by Aidila Razak
8 Apr 2016
The story of 1MDB begins in 2009, in the oil-rich east coast state of Terengganu. Flushed with this black gold, the state decides to start a sovereign wealth fund so its riches could last for generations and more.
But what transpired between the formation of Terengganu Investment Authority (TIA) on Feb 27, 2009 and the day it was rebranded 1MDB on July 31, 2009 is not the stuff of fairy tales.
Instead, it was a tale of boardroom tussles, menteri besar intervention, royal outrage and a special adviser named Jho Low.
Below is the chronology of events, according to the Public Accounts Committee’s (PAC) report on 1MDB tabled at the Dewan Rakyat yesterday.
Feb 27, 2009 – TIA set up
April 1, 2009 – Cabinet approves government guarantee for TIA to raise RM5 billion through a 30-year Islamic Medium Term Notes.
May 13, 2009 – Menteri Besar Incorporated Terengganu (MBI Terengganu) sends a letter to the Finance Ministry supporting the issuance of the notes according to several terms.
May 15, 2009 – TIA signs agreement with AmInvestment Bank Bhd to raise RM5 billion, but MBI Terengganu opposes, claiming the agreement did not adhere to MBI’s terms. The menteri besar is Ahmad Said.
(TIA chief executive Shahrol Azral Mohd Halmi told PAC later that it was a “bought deal”, where Ambank had a secondary market for the notes.)
May 22, 2009 – TIA board decides to suspend the bond issuance on an urgent basis and revoke all authority given to Shahrol or any director on the Islamic notes issuance.
(Board members are Terengganu princess and sultan’s sister, Tengku Rahimah Puteri, Tabung Haji managing director Ismee Ismail and Shahrol.)
However, the marketing process for the Islamic notes commences on this very day.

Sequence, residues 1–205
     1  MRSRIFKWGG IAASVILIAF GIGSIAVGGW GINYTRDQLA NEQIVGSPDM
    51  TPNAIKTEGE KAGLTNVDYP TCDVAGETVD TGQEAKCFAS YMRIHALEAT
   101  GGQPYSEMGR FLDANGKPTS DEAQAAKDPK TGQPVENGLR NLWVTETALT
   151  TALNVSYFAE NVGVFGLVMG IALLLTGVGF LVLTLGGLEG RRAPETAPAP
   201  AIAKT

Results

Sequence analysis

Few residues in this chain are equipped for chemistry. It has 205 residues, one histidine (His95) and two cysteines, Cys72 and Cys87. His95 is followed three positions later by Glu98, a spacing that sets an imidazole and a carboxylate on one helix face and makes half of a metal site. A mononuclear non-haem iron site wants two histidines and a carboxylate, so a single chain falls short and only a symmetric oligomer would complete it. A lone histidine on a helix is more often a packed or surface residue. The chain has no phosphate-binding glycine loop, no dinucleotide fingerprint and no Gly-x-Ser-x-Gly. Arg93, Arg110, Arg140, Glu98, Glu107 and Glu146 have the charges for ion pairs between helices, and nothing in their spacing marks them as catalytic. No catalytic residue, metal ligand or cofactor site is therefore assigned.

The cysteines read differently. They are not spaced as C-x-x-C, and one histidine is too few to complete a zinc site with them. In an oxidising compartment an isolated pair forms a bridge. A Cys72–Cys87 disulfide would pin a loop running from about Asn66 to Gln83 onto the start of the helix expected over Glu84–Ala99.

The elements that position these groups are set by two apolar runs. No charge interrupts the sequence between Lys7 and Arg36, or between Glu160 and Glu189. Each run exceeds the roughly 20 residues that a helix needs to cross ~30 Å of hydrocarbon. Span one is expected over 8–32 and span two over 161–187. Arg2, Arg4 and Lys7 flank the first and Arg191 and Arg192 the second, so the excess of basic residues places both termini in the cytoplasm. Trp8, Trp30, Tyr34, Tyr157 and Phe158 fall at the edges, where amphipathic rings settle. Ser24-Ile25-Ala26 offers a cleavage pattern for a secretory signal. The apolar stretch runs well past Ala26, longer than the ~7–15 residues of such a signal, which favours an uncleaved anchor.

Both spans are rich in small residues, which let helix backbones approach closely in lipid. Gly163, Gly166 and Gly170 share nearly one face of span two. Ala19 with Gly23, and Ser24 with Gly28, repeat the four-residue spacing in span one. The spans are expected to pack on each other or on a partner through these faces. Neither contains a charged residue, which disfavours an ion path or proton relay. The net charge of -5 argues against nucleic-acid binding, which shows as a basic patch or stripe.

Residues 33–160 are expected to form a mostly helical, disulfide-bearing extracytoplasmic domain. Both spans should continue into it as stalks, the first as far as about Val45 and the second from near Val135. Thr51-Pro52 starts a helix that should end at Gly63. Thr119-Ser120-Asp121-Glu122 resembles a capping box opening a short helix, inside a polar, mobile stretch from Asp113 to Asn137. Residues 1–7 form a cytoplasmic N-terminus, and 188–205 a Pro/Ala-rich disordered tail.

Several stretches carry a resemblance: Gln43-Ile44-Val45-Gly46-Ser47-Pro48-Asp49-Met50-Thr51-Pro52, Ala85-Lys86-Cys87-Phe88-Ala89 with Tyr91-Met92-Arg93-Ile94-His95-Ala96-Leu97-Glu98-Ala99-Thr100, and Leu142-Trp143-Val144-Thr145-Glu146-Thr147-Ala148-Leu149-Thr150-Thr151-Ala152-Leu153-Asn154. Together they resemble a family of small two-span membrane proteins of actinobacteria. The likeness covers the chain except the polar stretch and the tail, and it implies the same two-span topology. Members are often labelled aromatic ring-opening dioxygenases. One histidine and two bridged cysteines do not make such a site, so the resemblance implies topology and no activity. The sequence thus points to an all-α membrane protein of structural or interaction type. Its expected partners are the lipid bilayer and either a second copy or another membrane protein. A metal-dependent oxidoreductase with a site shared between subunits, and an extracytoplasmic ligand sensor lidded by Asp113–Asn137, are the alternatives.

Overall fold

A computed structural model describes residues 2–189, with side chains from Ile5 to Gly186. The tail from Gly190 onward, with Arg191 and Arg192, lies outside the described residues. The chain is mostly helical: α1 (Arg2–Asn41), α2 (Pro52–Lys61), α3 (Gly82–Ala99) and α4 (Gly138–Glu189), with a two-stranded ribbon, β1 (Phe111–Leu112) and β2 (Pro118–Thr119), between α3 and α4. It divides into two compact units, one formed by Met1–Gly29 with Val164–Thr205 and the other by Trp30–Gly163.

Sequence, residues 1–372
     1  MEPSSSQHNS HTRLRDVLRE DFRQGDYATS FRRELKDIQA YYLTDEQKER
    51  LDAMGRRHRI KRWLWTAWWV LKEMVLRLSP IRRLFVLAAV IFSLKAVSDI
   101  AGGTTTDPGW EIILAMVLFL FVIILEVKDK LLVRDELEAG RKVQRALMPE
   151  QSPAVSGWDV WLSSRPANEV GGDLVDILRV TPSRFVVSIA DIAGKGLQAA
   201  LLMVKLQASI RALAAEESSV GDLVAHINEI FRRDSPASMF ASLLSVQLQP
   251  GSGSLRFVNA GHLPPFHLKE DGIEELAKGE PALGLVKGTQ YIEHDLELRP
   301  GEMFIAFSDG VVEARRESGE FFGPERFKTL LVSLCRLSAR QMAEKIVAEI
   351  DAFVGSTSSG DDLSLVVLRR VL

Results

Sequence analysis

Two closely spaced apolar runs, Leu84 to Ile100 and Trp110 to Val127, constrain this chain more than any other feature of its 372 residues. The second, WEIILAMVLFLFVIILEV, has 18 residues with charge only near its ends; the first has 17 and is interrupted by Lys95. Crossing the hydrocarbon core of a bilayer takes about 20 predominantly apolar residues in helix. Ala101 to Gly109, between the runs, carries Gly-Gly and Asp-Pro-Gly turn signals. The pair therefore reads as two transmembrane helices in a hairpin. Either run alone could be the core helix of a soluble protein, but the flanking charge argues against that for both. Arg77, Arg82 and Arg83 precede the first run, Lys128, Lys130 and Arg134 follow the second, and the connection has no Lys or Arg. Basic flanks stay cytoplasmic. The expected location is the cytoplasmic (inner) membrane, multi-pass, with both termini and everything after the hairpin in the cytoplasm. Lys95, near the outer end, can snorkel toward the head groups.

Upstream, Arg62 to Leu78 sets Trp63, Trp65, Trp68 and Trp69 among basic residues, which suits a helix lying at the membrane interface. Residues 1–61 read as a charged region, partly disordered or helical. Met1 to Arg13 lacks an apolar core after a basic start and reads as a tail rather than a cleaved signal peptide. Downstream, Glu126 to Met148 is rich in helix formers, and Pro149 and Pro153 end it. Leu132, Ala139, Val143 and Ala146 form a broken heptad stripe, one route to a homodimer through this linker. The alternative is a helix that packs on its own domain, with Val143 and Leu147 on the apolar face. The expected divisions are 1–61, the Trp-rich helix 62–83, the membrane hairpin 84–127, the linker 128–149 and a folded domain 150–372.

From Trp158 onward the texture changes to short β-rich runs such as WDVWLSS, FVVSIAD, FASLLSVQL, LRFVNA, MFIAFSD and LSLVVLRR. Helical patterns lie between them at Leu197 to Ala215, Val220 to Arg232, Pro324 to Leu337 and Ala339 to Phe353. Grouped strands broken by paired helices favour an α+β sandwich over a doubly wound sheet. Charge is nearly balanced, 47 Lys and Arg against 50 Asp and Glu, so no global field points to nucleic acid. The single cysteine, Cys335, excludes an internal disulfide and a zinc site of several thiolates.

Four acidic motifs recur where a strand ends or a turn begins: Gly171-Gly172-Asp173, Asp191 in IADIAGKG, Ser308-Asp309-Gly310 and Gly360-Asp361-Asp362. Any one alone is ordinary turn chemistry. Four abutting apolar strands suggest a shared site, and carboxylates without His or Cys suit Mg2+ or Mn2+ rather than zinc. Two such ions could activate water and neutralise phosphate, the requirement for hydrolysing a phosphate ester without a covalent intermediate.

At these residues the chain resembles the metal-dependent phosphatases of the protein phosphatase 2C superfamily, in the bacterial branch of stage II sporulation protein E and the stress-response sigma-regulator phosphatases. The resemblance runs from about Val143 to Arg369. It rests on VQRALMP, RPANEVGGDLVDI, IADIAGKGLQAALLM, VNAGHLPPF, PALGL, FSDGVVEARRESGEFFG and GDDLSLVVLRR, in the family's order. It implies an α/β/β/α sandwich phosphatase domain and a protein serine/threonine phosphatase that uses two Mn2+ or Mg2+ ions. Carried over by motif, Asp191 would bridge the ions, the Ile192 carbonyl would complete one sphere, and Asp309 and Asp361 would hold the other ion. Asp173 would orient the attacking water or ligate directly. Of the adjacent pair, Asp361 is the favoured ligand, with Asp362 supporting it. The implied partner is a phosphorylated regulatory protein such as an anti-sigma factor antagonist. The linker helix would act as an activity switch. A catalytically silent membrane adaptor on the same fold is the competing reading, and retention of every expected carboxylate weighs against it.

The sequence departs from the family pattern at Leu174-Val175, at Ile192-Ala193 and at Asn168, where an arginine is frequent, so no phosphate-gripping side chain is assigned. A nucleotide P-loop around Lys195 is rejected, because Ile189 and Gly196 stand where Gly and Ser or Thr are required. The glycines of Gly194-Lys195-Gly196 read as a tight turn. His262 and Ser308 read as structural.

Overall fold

May 25, 2009 – Shahrol signs deal with Ambank to issue the Islamic notes.
May 27, 2009 – Shahrol dropped as chief executive through TIA shareholders resolution and Tengku Rahimah resigns from the board.
Shahrol and Ismee use their powers as remaining board members to reinstate Shahrol as chief executive.
The Terengganu government sends a letter instructing a halt on the Islamic notes issuance.
(Shahrol later tells PAC he adhered to TIA Memorandum of Articles of Association, but PAC disagrees. He tells PAC “the train had left the station” and there was no way to stop the Islamic notes issuance.)
May 29, 2009 – Menteri Besar Incorporated Terengganu (MBI Terengganu) sends a letter to Finance Ministry supporting Shahrol’s sacking as chief executive.
It also sends a warning letter to Ambank alleging the bank’s culpability in wrongdoing.
TIA Islamic Medium Term Notes subscription period expires and RM4.835 billion is raised. Ambank pockets RM11.25 million as arranger fee plus RM7.14 million in trustee and agency fee, payable at RM238,000 a year for 30 years.
June 3, 2009 – Cabinet is told that the Terengganu sultan wants a report on “unauthorised issuance of Islamic Medium Term Notes by TIA”.
June 30, 2009 – Shahrol tells a meeting chaired by the Treasury secretary the letter by MBI Terengganu to halt the bond issuance arrived after marketing for the notes started. He says the process went on despite the letter to protect TIA’s credibility.
July 25, 2009 – TIA is rebranded 1Malaysia Development Bhd, with RM1,000,002 paid up capital and allowable capital of RM1 billion. It is fully-owned by the Ministry of Finance Incorporated.
Aug 28, 2009 – Prime Minister Najib Abdul Razak, who is also finance minister and chairperson of 1MDB advisory board, receives a letter from one “Prince Turki”. Along with the letter is an introduction to PetroSaudi International by its chief executive Tarek Obaid.
Tarek proposes a 40 percent stake worth US$1 billion in a joint venture worth US$2.5 billion. PetroSaudi offers a discount on its assets, supposedly valued at US$1.5 billion.
(Incidentally, Prince Faisal Turki Bandar al Saud of Riyadh was among those named in documents obtained by ABC’s Four Corners who made hundreds of millions of ringgit deposits to Najib.)
Oct 10, 2009 – Shahrol tells the 1MDB board the TIA notes were issued urgently on advice of TIA’s “special adviser” for the purpose of developing Pulau Bidong with the Abu Dhabi firm Mudabala.
This despite Mudabala in a press statement in May 2009 denying involvement in any other Malaysian project besides the Iskandar development in Johor.
TIA’s special advisers are Abdul Aziz Mohd Akhir and Jho Low.
Tomorrow: The tale continues – the PetroSaudi ruse